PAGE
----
The Commercial Space Launch Competitiveness Act (CSLCA) represents a tremendous achievement for American space leadership. This legislation will enable the continued growth of the commercial space sector by allowing innovation and expanded access to space, making this a truly exciting time for commercial space.
Worryingly, a 2013 study by the Inter-Agency Space Debris Coordination Committee determined that even if nothing new is launched, debris in orbit will continue to grow due to collisions, each creating more debris and resulting in more collisions. However, launches will continue with increasing frequency. Satellites will require shielding and heavier launch solutions. Firms will need replacements, more robust architectures, and pricier insurance. These costs will limit our ability to maximize the utility of commercial space.
Legal and regulatory issues also need to be addressed. According to the Outer Space Treaty, the U.S. is responsible for its commercial activities in space, putting taxpayers at risk. As such, the FAA Office of Commercial Space Transportation (FAA/AST) licenses launch and reentry. The National Oceanic and Atmospheric Administration provides licenses for remote sensing satellites. The Federal Communications Commission does the same for communication satellites. The Department of Defense maintains space situational awareness (SSA) and reports conjunction analyses to operators. None of these agencies have the authority to compel a commercial operator to maneuver. None can require an operator to maintain a transponder or propulsion for maneuvers. None have oversight of commercial space habitats, space resource extraction, co-orbital satellite servicing, or other non-traditional space activities. In short, the government has no authority to provide necessary space traffic management in an increasingly congested environment. Furthermore, there is a lack of consensus as to whether current laws and regulations sufficiently fulfill our obligations under the Outer Space Treaty.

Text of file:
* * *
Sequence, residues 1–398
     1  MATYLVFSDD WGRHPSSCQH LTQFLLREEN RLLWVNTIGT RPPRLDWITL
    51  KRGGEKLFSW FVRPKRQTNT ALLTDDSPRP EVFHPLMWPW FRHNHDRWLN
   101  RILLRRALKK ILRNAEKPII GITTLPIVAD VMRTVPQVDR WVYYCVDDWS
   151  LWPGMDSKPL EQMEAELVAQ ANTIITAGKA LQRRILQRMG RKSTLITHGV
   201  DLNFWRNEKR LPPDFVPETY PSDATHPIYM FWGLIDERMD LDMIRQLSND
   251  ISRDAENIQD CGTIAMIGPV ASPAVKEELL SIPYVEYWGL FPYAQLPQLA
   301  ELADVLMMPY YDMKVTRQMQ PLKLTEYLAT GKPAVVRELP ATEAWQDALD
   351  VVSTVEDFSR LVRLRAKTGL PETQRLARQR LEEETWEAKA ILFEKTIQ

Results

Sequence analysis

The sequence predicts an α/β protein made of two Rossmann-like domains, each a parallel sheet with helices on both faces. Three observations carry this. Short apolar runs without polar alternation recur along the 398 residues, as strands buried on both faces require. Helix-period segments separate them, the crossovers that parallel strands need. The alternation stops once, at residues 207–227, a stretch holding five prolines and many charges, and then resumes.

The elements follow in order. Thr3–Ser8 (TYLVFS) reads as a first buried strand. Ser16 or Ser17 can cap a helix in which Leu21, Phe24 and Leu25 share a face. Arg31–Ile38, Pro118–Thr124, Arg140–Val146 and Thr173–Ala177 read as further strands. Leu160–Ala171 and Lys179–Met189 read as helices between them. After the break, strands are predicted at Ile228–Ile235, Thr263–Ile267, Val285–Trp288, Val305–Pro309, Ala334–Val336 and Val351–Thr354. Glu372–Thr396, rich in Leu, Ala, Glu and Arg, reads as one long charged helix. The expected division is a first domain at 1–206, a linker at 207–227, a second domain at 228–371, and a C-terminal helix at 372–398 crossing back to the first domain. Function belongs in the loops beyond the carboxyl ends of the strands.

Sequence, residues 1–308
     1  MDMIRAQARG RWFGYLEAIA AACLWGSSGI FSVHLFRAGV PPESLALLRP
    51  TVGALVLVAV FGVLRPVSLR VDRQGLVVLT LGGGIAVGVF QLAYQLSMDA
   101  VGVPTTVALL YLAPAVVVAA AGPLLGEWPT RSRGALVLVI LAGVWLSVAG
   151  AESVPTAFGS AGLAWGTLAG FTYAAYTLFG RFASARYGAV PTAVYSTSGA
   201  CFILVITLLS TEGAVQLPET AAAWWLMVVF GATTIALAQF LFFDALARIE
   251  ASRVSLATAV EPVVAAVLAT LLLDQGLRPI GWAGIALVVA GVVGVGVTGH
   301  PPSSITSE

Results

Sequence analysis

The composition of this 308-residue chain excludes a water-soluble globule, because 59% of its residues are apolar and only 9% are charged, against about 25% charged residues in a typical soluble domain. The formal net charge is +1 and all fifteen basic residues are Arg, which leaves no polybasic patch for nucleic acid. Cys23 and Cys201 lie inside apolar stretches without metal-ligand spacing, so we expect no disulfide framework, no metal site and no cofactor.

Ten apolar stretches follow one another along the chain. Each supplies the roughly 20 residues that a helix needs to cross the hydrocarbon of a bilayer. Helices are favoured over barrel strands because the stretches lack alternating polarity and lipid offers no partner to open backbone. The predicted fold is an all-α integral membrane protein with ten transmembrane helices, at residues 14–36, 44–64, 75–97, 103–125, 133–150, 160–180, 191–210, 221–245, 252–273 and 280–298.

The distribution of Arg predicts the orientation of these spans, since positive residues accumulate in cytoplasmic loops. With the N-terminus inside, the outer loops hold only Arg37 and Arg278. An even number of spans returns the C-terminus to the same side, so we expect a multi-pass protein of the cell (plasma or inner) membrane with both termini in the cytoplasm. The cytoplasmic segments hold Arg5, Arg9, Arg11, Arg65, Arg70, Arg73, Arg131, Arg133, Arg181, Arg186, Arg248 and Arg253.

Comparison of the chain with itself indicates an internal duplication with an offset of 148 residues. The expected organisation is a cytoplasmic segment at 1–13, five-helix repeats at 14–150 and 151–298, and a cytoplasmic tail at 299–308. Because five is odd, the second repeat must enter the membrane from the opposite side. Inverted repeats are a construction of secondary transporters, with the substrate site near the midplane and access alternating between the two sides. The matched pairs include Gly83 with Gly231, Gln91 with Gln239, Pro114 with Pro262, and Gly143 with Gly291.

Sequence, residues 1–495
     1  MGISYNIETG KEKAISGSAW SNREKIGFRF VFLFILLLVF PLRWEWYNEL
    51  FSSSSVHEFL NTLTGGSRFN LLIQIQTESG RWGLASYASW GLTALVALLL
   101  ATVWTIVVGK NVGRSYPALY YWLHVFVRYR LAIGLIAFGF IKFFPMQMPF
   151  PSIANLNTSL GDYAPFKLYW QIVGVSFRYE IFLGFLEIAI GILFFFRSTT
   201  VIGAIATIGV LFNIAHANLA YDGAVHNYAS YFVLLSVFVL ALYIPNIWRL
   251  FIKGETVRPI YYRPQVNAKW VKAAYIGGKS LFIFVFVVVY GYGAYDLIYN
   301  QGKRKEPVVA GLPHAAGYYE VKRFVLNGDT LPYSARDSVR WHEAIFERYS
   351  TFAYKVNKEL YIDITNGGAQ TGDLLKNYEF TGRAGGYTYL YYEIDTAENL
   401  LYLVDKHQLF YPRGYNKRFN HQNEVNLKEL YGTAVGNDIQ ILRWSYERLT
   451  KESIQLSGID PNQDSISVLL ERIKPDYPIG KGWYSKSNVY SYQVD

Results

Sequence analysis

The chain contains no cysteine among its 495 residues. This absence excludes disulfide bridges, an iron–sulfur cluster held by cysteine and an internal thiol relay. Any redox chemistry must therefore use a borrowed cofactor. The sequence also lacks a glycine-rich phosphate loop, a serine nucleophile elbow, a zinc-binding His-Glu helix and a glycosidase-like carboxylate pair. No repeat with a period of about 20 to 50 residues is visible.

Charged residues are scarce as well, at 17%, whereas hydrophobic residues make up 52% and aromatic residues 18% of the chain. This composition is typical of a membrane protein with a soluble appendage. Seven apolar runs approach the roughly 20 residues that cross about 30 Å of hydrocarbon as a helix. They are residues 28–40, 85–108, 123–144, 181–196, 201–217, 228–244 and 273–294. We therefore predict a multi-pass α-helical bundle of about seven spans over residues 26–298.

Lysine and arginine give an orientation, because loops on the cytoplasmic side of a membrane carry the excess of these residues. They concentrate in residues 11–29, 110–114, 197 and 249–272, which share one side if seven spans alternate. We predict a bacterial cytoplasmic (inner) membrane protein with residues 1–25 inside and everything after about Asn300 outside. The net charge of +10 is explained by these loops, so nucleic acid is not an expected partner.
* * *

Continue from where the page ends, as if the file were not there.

The absence of appropriate regulation will result in de facto regulation by increasing costs and thwarting access. Responsible leadership can mitigate these challenges.
Currently, the DoD, through the Joint Space Operations Center ( JSpOC), maintains SSA as a byproduct of its mission to protect national security assets, and provides this service for free to foreign governments and the commercial sector. This was appropriate in times past. However, this burden has begun to distract from the JSpOC’s core mission at a time when space is becoming increasingly contested. The DoD needs to use its resources to win wars, and I have heard repeatedly that they do not want to be the “FAA for Space.”
A civil agency can fulfill this capacity. I propose that FAA/AST would be appropriate. The following actions should be taken:
Create a conjunction analysis and warning center that fuses unclassified data from DoD, international, and commercial sensors, and data emitted from satellites. This center should be commercialized and subject to the FAA/AST’s oversight.
Designate FAA/AST as the lead agency for space traffic management, complete with authority to compel maneuvers.
Create a mission authorization or license for activities not covered by the FCC or NOAA. Eventually make FAA/AST the sole mission authorizer.
The CSLCA calls for reports on these topics, due by November. In the meantime, we must not let momentum established by the CLCSA dissipate. We need to explore practical solutions acceptable to the space community so Congress can be ready to implement and incorporate them with the results of these reports. I do not contend that I have the final solution, which is why we need this dialogue.
We must begin now. I am certain we must act with urgency to enable the DoD to focus on fighting and winning wars, satisfy our international obligations, and ensure the preservation of space for generations to come.
Bridenstine (R-Okla.) is a member of the Science, Space and Technology and Armed Services committees.